"When our kid was about to be born, someone told me to change the first diaper. If you can handle the first one, the others will be easy.' So I did. I didn't know what I was doing, so I asked the nurse at the hospital to teach me, and I changed the first several few diapers while my wife recovered from a difficult labor. The advice was correct, no other diaper was as disgusting as the first one. It got very easy and I never minded doing it, and my wife was really really grateful. And I loved that I could take on some of the parenting chores, since there was so much that she was the only one... equipped to provide." — wordserious

6. 

"Focus on tackling the problem, not each other." — bobbobbobbobbob123

7. 


"Don’t have too high of expectations. My dad told us that, but we found most of our early fights were when one or the other had unspoken expectations of the other or marriage. It is positively life changing to be married, and an amazing experience, but still life goes on."— nopants_ranchdance

8. 

"Marry him for who he is. Not his potential." — There-is-No-beyond

9. 


"My stepmom just passed away, and dad said something that has profoundly changed my attitude: 'The little things that annoyed me are the things I now miss.' So, like, yea for some reason she squeezes a massive glob of toothpaste which mostly falls into the sink basin and she doesn't wash away the toothpaste spit. If/when she's gone, that little constant annoyance that reminds me she's there will be gone too. Don't nag on the little things, rather, embrace them. (still, let her know she has made progress on other things I've pointed out, as I try to adapt to her wishes)." — drewkungfu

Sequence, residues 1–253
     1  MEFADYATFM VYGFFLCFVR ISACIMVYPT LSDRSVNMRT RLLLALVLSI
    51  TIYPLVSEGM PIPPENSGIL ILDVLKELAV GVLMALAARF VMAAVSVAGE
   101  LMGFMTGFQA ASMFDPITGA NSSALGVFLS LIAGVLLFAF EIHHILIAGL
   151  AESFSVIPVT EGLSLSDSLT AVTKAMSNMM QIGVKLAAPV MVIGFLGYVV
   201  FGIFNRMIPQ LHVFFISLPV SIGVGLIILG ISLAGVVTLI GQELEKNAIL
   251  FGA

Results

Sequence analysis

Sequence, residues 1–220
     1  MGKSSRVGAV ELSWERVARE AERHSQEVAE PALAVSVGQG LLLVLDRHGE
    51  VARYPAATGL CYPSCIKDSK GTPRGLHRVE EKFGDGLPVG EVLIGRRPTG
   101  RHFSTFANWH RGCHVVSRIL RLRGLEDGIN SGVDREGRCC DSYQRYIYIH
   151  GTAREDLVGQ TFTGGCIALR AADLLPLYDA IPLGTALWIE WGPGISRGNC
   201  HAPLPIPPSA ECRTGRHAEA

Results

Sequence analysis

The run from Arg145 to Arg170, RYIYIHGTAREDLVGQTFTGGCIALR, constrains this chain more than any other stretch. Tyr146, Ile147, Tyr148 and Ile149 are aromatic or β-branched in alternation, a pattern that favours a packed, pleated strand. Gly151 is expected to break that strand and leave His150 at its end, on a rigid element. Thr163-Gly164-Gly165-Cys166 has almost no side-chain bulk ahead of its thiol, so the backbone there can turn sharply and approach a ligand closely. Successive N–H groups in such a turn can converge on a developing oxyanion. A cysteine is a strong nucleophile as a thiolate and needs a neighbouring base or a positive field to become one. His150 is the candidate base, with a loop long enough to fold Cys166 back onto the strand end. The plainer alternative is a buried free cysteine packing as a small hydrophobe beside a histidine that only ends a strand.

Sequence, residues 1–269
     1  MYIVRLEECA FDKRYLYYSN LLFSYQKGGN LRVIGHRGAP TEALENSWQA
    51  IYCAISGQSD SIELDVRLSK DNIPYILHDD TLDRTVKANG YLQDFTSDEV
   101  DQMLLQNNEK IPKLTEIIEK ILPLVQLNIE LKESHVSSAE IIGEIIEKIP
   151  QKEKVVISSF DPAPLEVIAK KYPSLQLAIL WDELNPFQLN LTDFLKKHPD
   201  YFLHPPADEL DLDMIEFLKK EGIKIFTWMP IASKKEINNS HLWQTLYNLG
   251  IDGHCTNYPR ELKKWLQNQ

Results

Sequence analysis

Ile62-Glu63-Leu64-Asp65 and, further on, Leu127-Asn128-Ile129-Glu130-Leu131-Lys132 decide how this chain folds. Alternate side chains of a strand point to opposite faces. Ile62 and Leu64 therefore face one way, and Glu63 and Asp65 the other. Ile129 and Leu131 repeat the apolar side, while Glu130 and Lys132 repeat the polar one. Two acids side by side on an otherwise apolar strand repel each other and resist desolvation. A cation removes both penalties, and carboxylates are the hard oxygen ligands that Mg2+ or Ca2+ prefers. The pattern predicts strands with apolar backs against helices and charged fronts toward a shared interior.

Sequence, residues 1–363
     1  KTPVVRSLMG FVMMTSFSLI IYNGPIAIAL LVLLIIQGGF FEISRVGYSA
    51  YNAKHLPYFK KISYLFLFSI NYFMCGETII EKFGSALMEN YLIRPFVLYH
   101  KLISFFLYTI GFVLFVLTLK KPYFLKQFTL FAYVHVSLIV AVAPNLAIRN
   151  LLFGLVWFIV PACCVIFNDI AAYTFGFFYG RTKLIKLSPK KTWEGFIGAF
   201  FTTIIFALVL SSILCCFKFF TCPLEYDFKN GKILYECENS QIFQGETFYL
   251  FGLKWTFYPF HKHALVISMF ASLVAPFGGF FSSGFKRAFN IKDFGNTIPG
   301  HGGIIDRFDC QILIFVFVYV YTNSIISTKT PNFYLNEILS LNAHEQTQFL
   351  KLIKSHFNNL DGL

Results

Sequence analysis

10. 

"Say thank you for day to day things, even taking out the trash, sweeping the floor, or folding laundry. Audibly hearing thank you reinforces the feeling of being appreciated." — BVolatte

11. 

"Randomly give your partner a cold beverage on a hot day. It's the little things that show you care." — Purple12Inchruler

12. 


"You don't just marry her, you marry her whole damn family."
— crazypersn

13. 

"One of my colonels told me: 'Just buy two damn pizzas, instead of arguing over the toppings.'"— MgoBlue702

14. 

"Be honest. Don't lie to your partner." — Mikeydeeluxe

15. 

"Don’t marry a woman whose dad calls her 'princess,' because she probably believes it. Much to his regret, my brother ignored this advice from our dad." — Toadie9622

16. 

"My fiance always says that 'just because' flowers are the best kind of flowers." — agaribay1010

17. 

"My Gramps who was married for over 50 yrs said: 'tell her you love her every single day.' Kind of obvious, but I definitely took it to heart." — sorellk

18. 

"Love isn’t about having 'nice feelings for each other.' It’s about acting for the betterment of someone else, even if you don’t feel like it. Emotions will change. Your willingness to treat your spouse a certain way doesn’t have to." — sirplaind

19.